Robert Haggarty - 'RH'

Independent Spotlight is a continuing series on Stewart’s blog. The series revolves around independent artists and bands sending their music to Brett to review. No band is promised a positive review, and all music is reviewed honestly in an effort to better independent music.

In this Independent Spotlight review, I’ll be taking a look at hip hop rapper Robert Haggarty’s new record that is currently being dropped across the web, called ‘RH.’ Before I delve into this fifteen track record, however, I’ll take a brief look at Haggarty as an artist to give context to the music we’ll be taking a look at.

At first glance, Haggarty is far more proactive and prolific in his pursuit of the arts. He has a nice portfolio of poetry and short stories that he’s published on his official website and he boasts a love of poetry and creative writing. This review is particularly intriguing for me, because Haggarty attended the college I’m currently attending for his creative endeavors: Columbia College Chicago. With a major in fiction writing, his journey has led him into hip hop. Now that we’ve had a brief introduction to Robert Haggarty, let’s dig into ‘RH.’

The first track on ‘RH,’ titled ‘Ringing The Bells In,’ introduces Haggarty in an endearing fashion with a brief explanatory monologue for the record. His realization isn’t entirely original, but essentially Haggarty drops into the record by letting the audience know that life could be a whole lot worse. When his rhymes dig in, they’re powerful... almost accusatory sounding. The song is appealing for a few reasons. First of all, he’s not pretending that he’s a troubled inner city reject from the south side of the city, he’s real. He briefly runs away from home at the beginning of the track, ending up in Wisconsin. Instantly, this honesty makes Haggarty relatable, perhaps even more so than rappers with an overly tragic, even stereotypical upbringing.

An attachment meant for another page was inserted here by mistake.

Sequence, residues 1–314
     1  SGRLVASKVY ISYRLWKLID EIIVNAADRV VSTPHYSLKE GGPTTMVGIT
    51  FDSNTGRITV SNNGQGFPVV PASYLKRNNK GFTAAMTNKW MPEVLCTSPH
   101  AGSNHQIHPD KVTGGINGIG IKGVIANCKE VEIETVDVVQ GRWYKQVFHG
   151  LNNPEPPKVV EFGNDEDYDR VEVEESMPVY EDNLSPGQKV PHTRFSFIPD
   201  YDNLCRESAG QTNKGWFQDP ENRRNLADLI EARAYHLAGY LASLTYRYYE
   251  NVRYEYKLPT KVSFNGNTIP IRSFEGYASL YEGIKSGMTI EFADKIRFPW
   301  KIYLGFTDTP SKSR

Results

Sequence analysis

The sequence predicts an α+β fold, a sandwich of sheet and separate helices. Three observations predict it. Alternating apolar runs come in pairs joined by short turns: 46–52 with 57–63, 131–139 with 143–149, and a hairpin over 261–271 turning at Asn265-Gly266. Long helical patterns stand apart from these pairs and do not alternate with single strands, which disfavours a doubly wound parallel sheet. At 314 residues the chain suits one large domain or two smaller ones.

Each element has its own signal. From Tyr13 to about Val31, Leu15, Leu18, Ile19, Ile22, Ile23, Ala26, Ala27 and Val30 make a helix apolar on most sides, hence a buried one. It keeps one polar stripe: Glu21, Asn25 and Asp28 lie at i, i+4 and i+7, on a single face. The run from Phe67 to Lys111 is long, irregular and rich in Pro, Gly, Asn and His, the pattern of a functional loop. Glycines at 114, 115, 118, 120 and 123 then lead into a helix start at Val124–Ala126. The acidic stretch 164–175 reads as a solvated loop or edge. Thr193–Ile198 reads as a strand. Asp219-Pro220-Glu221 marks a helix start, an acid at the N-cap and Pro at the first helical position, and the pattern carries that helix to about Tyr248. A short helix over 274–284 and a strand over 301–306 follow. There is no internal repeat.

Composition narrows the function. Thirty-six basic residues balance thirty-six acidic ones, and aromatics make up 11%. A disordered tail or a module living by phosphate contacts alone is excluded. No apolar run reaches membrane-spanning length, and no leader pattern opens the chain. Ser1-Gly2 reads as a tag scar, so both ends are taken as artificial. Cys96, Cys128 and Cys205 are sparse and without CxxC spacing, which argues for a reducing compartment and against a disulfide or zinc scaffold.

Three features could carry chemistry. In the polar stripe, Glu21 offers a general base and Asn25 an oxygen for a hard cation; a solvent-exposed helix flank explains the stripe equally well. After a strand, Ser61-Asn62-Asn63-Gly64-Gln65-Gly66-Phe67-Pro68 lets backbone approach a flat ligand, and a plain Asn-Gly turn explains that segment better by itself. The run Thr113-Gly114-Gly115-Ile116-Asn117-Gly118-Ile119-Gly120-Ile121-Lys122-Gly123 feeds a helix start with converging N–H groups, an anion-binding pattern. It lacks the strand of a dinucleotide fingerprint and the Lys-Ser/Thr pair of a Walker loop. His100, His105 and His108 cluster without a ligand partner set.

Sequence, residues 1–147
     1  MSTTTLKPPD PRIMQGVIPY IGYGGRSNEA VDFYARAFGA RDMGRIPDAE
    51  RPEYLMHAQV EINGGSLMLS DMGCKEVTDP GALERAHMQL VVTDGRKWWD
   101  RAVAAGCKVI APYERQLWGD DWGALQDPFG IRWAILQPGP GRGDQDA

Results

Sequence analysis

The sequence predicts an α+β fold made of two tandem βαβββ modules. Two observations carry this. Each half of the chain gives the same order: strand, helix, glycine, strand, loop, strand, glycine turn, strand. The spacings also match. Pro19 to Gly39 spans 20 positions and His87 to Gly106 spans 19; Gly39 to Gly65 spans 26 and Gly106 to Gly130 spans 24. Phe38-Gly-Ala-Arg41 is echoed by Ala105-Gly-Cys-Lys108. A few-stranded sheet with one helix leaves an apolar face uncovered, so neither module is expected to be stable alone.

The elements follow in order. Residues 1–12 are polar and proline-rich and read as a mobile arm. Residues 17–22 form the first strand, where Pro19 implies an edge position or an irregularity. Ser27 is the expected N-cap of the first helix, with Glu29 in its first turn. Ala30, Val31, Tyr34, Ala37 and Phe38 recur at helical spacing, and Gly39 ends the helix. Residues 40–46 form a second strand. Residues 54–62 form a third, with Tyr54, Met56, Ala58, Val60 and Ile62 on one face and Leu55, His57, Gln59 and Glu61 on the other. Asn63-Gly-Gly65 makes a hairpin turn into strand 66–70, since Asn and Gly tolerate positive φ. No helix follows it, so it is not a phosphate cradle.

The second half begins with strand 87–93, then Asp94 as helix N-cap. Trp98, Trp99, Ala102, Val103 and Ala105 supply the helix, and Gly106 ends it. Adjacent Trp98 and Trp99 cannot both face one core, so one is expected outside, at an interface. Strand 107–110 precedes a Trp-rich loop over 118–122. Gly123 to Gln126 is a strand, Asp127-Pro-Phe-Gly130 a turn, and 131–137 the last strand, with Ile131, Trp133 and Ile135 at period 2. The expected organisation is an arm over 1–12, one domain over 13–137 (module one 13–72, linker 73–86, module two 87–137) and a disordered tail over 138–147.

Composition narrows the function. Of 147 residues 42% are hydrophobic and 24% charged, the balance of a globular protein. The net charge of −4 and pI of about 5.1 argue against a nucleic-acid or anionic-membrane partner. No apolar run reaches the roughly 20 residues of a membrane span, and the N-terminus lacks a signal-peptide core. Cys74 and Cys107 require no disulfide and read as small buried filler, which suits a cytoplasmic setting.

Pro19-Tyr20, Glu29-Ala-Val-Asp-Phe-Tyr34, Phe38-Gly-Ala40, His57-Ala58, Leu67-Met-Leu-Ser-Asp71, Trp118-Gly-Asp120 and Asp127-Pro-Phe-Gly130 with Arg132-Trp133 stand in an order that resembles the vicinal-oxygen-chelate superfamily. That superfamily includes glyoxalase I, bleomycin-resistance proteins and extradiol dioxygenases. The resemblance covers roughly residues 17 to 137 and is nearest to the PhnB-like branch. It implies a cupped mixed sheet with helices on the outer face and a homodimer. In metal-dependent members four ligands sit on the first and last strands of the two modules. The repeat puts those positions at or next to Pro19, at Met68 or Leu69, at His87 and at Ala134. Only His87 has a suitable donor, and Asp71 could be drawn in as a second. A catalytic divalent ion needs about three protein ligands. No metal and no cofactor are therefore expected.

There’s a deeper meaning behind this music right off of the bat. Haggarty slips in and out of sly rhymes as he explains how he used to smoke, but gave it up when he realized that people cared for him. He ponders the level of life one must be driven down into in order to have to rob someone to stay afloat. Your problems may feel real, but hell, at least you aren’t the person grabbing $20 at gunpoint.

‘Say The Things You Say’ has a sweet production in the backdrop,; it’s cinematic and suave. The song is introspective in nature, focusing on family travels and places that have made him higher than a good run in with Nyquil could ever make him. This song is certainly the first time I’ve heard great lyrical words like “philosophize” this side of 1962. (‘The Lonesome Death of Hattie Carroll, Bob Dylan, comes to mind.) The song toys with political messages as well, such as a concern with governmental data collecting.

‘46’ has a beautiful sample centerpiece that kicks off the jam. Haggarty contemplates all sorts of notions here, namely a confused country that’s never truly recovered post September 11th, one that’s overly paranoid and dependent on a “24-hour tele-news infection.” Furthermore, his grandpa has lost his pension, the nation is ultimately focused on incredulously unimportant pop-culture filth, and we’re 46th in worldwide press freedom. This song kicks you in the face harder than Jeff Daniel’s ‘Newsroom’ speech at Northwestern. Are we truly the greatest country in the world?